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West Virginia University, divisional campuses, plans to open for fall, holds line on tuition, fees for ’20-’21 year

Envisioning a return of students to its three campuses in the fall, the West Virginia University Board of Governors announced Friday (May 1) that base tuition and fees will remain unchanged for the academic year beginning in August.

“We have every hope and expectation of safely resuming in-person education in Morgantown, Beckley and Keyser for the fall semester,” President Gordon Gee said. “The safety and well-being of students, faculty and staff, as well as the community will drive decisions, but we believe it will be possible to restart classes on campus, albeit with new measures, guidelines and precautions to inhibit the spread of COVID-19.”

Board Chairman David Alvarez acknowledged challenges remain.

“While the university is facing financial challenges related to the COVID-19 pandemic, in the interest of our students and their families during these difficult times our board has chosen not to increase tuition for the 20-21 school year.”

Tuition and university fees for students who are residents of West Virginia will remain at $8,976 per year; non-resident university tuition and fees stay at $25,320. A more detailed breakdown of other costs, including housing, dining and individual college costs will be formalized this summer.

There may be no more than a 3 percent increase in dining and housing plans, with the only exception being housing at  West Virginia University Institute of Technology in Beckley.

Provost Maryanne Reed outlined the process under way to reach a final decision on fall operations.

“We are now engaged in our deep-dive contingency planning for fall,” she said. “While we are considering all possibilities, our primary focus is how to bring our students back to campus — while taking all necessary public health and safety measures.” 

Reed said scenario planning will likely involve some changes to instructional delivery to reduce human density, providing protective gear to faculty, staff and students and conducting regular and thorough cleanings of classrooms, labs, residence halls and other university buildings, as well as widespread testing, tracing and isolation when warranted.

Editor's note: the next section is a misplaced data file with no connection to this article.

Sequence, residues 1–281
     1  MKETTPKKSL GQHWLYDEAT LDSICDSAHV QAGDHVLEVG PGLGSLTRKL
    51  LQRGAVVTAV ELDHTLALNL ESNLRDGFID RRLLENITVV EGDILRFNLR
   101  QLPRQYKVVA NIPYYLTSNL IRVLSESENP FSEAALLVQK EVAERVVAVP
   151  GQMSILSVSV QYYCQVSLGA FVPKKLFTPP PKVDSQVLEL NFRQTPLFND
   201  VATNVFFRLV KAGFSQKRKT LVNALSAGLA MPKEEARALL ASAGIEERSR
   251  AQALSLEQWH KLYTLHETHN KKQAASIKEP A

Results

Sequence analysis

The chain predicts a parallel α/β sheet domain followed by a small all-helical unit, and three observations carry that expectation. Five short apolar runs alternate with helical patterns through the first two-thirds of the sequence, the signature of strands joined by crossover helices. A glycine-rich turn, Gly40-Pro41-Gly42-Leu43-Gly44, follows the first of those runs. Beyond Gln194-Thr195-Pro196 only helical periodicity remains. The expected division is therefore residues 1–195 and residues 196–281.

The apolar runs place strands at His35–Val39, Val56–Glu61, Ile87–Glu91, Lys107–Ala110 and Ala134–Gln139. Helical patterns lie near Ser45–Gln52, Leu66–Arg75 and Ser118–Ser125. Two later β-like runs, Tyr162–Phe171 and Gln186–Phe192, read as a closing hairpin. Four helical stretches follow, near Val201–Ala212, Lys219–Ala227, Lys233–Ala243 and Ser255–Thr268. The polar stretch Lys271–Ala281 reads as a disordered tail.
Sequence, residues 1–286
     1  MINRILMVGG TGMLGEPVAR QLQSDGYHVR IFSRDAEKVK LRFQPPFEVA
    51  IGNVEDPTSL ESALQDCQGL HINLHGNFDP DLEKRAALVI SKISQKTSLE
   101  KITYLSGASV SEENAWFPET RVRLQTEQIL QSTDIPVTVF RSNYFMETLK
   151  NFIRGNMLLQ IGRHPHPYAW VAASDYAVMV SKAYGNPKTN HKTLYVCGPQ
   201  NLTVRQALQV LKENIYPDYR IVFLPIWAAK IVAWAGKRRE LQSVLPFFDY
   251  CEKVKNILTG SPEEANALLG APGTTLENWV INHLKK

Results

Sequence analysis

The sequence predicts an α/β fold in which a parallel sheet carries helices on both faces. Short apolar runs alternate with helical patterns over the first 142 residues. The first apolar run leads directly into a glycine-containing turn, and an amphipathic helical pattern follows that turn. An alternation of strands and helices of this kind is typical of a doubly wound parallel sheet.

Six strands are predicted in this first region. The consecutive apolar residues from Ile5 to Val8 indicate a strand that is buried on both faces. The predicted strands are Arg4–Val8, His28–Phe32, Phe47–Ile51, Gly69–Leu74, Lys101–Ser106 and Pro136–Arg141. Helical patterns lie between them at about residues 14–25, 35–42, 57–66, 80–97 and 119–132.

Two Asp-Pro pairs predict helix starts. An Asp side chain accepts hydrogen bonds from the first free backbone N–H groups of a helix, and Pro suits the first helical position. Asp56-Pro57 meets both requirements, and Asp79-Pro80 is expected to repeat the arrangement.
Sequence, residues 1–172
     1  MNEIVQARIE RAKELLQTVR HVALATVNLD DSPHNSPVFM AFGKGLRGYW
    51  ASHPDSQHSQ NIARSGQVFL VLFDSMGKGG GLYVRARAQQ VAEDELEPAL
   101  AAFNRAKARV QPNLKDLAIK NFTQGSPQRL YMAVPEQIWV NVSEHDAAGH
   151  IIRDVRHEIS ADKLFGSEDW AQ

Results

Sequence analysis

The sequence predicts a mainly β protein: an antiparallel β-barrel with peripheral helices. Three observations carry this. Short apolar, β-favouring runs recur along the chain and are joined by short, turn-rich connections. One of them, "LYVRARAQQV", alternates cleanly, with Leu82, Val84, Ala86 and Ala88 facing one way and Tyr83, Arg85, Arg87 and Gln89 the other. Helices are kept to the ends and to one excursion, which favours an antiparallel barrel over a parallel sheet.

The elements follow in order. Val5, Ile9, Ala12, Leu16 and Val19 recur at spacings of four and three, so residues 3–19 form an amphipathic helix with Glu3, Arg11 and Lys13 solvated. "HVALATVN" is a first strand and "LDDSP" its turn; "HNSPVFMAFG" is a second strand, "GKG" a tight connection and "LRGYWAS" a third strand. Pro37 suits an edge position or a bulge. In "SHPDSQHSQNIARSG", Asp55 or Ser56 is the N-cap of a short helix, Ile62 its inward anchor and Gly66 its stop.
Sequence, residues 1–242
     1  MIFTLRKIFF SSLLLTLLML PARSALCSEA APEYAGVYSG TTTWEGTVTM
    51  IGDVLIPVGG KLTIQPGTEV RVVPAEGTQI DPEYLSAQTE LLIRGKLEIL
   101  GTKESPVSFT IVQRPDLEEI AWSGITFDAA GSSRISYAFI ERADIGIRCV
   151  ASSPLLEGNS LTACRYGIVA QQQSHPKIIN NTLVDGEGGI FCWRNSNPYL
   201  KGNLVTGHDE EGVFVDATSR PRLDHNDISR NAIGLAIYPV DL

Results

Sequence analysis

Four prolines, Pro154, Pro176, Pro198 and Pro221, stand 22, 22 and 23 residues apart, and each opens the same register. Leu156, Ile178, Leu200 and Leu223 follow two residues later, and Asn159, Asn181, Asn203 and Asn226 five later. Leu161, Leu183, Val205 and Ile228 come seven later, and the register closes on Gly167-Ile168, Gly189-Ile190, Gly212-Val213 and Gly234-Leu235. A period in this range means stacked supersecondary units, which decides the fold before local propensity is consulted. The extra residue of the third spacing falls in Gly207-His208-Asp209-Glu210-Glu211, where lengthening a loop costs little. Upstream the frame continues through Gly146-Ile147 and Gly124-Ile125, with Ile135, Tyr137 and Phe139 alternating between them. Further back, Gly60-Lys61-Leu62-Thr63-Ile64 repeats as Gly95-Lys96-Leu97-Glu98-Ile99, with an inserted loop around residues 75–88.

“But we also know that the COVID-19 pandemic will still be with us through the fall – and possibly next spring – and so we also must be prepared to respond should there be another surge of the virus that interrupts instruction and other campus activities,” she said.  

Reed also discussed the pandemic’s impact on the University’s academics and enrollment.

“We received very few complaints from students about the quality of their academic experience, despite the fast turnaround to remote instruction under less-than-ideal circumstances,” she said. “I’m very proud of our students and faculty for pulling together, remaining positive and adapting quickly to a very difficult situation.

“Our colleges and schools also have done an excellent job pivoting to summer, transitioning nearly all on-campus instruction to an online format. Summer enrollments are down from last year, but not as low as we expected,” she said. “And we anticipate that our enrollments will grow.”

Another key concern created by the pandemic has been its effect on enrollment, both incoming and current students. It’s not as significant as feared, she said.

“The number of fall registrations is down just slightly from last year, which is not surprising given that we start fall registration two weeks later than usual.  The number of freshmen and sophomores who requested transcripts be sent to other institutions – a key indicator of the desire to transfer – was 20 percent lower than last year,” she said. “The number of students who withdrew from the spring semester altogether and have not registered for fall was down 50 percent.

“Although these numbers seem to be favorable,” she said, “we understand that maintaining our momentum in these uncertain times will require even greater effort.”

Gee thanked the Board of its decision to hold the line on university tuition and fees.

“You all know my passion for our land-grant mission,” he said. “At the core of that mission is providing as many people as possible access to affordable higher education. For that reason alone, I believe it was imperative that we hold tuition and fees flat.

“This University has been a shining example of how a large research university can – and frankly, should – respond when a challenge comes along that can only be met with knowledge and expertise,” he said. “We have done that part well, and it would be inconsistent to ask for more from already struggling students and families.”

A year ago, WVU increased the cost to attend the University by the lowest percentage in at least two decades: 1.36 percent, or about $120 annually, for residents and 1.44 percent, or about $360 annually, for non-residents.

The Board also gave final approval to revised rules adding a service-track faculty classification consistent with the existing teaching-track. The rules had been approved for consideration at the Board’s Feb. 28 meeting, and received no comment during the required 30-day period. They will take effect in 15 business days.

In other business, the Board:

Alvarez also appointed a nominating committee to bring a slate of officers to the next scheduled meeting, currently set for June 19 in Morgantown. The committee will be led by J.R. Rogers with William Wilmoth, Lisa A. Marin and Stanley Hileman as members.